Perils of policing
By Ayesha Siddiqa
Friday, 20 Nov, 2009 (Dawn)
IT doesn’t take a genius to notice the mounting pressure on the PPP government and President Zardari, especially after former partner PML-N decided to adopt an aggressive policy towards the ruling party. This approach includes criticism of everything that happens under the PPP watch.
Recently, even the Islamabad police seem to have been dragged into the fray when the PML-N leadership in parliament reacted sharply to the story of the killing of a potential suicide attacker by the police at a security picket in the capital earlier this month. It is claimed that it was actually a fake encounter staged to improve the IG’s reputation.
A hue and cry continues to be raised despite the fact that the police was exonerated by an inquiry conducted by the Islamabad Capital Territory Administration. The police also say that no one came forward to claim the body before it was finally buried after two days of waiting.
However, the PML-N leadership in parliament continues to raise the issue. Perhaps the government needs to take them seriously since the party leadership is quite familiar with extrajudicial killings, which have always been common in Punjab. They would probably know better how judicial inquiries are managed in such cases. Given a chance to hold an inquiry themselves the said parliamentarians might have revealed more as some might have greater knowledge of extrajudicial killings. After all, it was about six months ago that Nanu Goraya lost his life in a fake encounter in Gujranwala.
The Punjab government had kept violent militant outfits like Sipah-i-Sahaba-i-Pakistan (SSP) and Lashkar-i-Jhangvi in check during the late 1990s reportedly through extrajudicial killings with the objective of controlling crime and violence in the largest province. It was the use of this methodology which resulted in the SSP’s retaliation in the form of an assassination attempt on then prime minister Nawaz Sharif.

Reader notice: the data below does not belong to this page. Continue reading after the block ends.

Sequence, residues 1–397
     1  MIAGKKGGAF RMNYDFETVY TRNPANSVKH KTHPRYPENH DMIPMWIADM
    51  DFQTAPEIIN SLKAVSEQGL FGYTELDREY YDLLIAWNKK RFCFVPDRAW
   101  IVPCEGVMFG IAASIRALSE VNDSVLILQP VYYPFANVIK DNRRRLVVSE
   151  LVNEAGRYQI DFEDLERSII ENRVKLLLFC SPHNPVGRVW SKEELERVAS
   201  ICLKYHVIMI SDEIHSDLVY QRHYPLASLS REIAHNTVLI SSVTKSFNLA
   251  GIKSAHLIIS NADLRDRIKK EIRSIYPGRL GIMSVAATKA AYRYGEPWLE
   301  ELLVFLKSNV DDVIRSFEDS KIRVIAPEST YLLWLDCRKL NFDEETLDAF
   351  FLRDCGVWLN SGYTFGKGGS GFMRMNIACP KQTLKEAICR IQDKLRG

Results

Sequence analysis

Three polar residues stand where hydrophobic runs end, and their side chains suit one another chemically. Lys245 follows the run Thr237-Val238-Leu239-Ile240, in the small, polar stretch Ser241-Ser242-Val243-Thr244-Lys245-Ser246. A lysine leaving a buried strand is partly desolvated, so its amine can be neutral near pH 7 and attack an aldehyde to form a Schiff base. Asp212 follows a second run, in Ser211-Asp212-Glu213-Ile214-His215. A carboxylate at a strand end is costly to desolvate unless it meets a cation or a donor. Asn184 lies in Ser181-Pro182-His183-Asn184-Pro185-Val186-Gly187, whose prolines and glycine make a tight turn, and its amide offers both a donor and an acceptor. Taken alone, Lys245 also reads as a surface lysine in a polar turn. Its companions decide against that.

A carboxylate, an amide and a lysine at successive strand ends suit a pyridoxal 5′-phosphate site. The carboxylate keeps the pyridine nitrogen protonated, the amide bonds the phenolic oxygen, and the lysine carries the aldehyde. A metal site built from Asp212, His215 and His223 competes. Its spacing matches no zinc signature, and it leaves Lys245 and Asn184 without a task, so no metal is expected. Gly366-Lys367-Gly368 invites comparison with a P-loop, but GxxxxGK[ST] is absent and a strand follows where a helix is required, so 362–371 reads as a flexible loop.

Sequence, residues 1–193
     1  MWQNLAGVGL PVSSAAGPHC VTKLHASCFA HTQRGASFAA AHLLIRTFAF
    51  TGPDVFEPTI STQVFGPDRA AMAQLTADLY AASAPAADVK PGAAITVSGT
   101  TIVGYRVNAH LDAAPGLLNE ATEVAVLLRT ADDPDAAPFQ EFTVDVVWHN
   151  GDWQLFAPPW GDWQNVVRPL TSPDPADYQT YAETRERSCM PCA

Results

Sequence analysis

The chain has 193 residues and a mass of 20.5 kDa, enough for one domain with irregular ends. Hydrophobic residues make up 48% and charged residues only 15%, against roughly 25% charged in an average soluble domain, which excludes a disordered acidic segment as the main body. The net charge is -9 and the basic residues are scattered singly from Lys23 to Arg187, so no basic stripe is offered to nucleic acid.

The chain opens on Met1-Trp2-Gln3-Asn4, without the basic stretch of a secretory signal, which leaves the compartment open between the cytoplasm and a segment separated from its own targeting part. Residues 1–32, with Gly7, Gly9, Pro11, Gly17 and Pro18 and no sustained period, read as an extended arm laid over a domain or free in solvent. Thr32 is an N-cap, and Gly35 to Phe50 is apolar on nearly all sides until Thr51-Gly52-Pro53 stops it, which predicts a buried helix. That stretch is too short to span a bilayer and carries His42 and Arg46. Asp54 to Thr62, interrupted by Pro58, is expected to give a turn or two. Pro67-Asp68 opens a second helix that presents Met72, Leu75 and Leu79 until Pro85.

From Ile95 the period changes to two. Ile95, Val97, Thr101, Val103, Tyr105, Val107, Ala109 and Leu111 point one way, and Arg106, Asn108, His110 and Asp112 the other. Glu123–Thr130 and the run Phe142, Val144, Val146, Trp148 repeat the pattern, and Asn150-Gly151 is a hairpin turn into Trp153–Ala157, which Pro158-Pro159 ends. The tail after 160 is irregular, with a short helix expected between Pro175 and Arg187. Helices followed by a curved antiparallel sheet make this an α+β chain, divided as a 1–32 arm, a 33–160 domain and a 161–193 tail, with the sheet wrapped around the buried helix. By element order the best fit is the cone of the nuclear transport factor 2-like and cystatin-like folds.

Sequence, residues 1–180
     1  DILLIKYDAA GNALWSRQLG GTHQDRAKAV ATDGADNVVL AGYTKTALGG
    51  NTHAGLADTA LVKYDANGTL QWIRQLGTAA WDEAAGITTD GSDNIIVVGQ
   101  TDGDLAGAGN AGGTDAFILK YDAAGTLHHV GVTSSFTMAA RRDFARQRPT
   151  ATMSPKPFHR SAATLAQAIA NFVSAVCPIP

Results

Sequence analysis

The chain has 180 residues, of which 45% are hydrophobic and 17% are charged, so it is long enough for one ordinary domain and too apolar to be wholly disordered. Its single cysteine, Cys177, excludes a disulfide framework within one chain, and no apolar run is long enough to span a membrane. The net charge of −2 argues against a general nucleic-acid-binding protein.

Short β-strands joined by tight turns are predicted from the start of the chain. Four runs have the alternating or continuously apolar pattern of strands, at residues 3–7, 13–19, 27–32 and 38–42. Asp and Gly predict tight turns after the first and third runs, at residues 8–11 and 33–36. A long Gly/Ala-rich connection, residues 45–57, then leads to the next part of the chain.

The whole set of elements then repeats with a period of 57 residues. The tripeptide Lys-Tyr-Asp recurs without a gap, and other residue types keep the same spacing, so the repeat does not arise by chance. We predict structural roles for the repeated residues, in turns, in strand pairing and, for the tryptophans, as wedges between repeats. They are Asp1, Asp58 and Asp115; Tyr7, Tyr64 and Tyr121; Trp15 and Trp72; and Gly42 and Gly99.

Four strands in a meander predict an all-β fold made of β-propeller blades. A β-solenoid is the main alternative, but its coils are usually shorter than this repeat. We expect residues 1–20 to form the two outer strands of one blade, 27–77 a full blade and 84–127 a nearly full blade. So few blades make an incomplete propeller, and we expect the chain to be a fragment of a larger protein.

Policing in our peculiar socio-cultural environment — particularly the capital city — is not easy. Islamabad is a mini-Pakistan where one can find a concentration of power, cliques, opposing forces, and all those socio-cultural vices that put additional burden on the law-enforcers. The IG police and his staff have to cater to approximately 1.5 million people. Given our VIP culture it is probably easier to take care of ordinary people than cater to hundreds of parliamentarians who constantly go in and out of the city and would be least forgiving if there was any letup in their personal security.
Besides, there are about 81 embassies, 76 ambassadors’ residences, 22 UN offices, 14 hospitals, 20 universities, 1,044 schools and colleges, 77 markets and 305 madressahs which have to be guarded with a police force of 10,332. The police also have to run around protecting the head of state and government and other dignitaries that visit the capital.
The presence of diplomats and foreigners does not make things any easier. What adds to the burden is the government’s indecision on other related issues such as the placement and management of 305 madressahs located within different sectors. The Lal Masjid incident indicated the dangers that could emanate from these seminaries. There is no system or policy to monitor people who come and stay in these madressahs from outside the city. While it is the government and parliament’s responsibility to decide on this critical issue, it is the police which face the consequences due to being placed on the front line.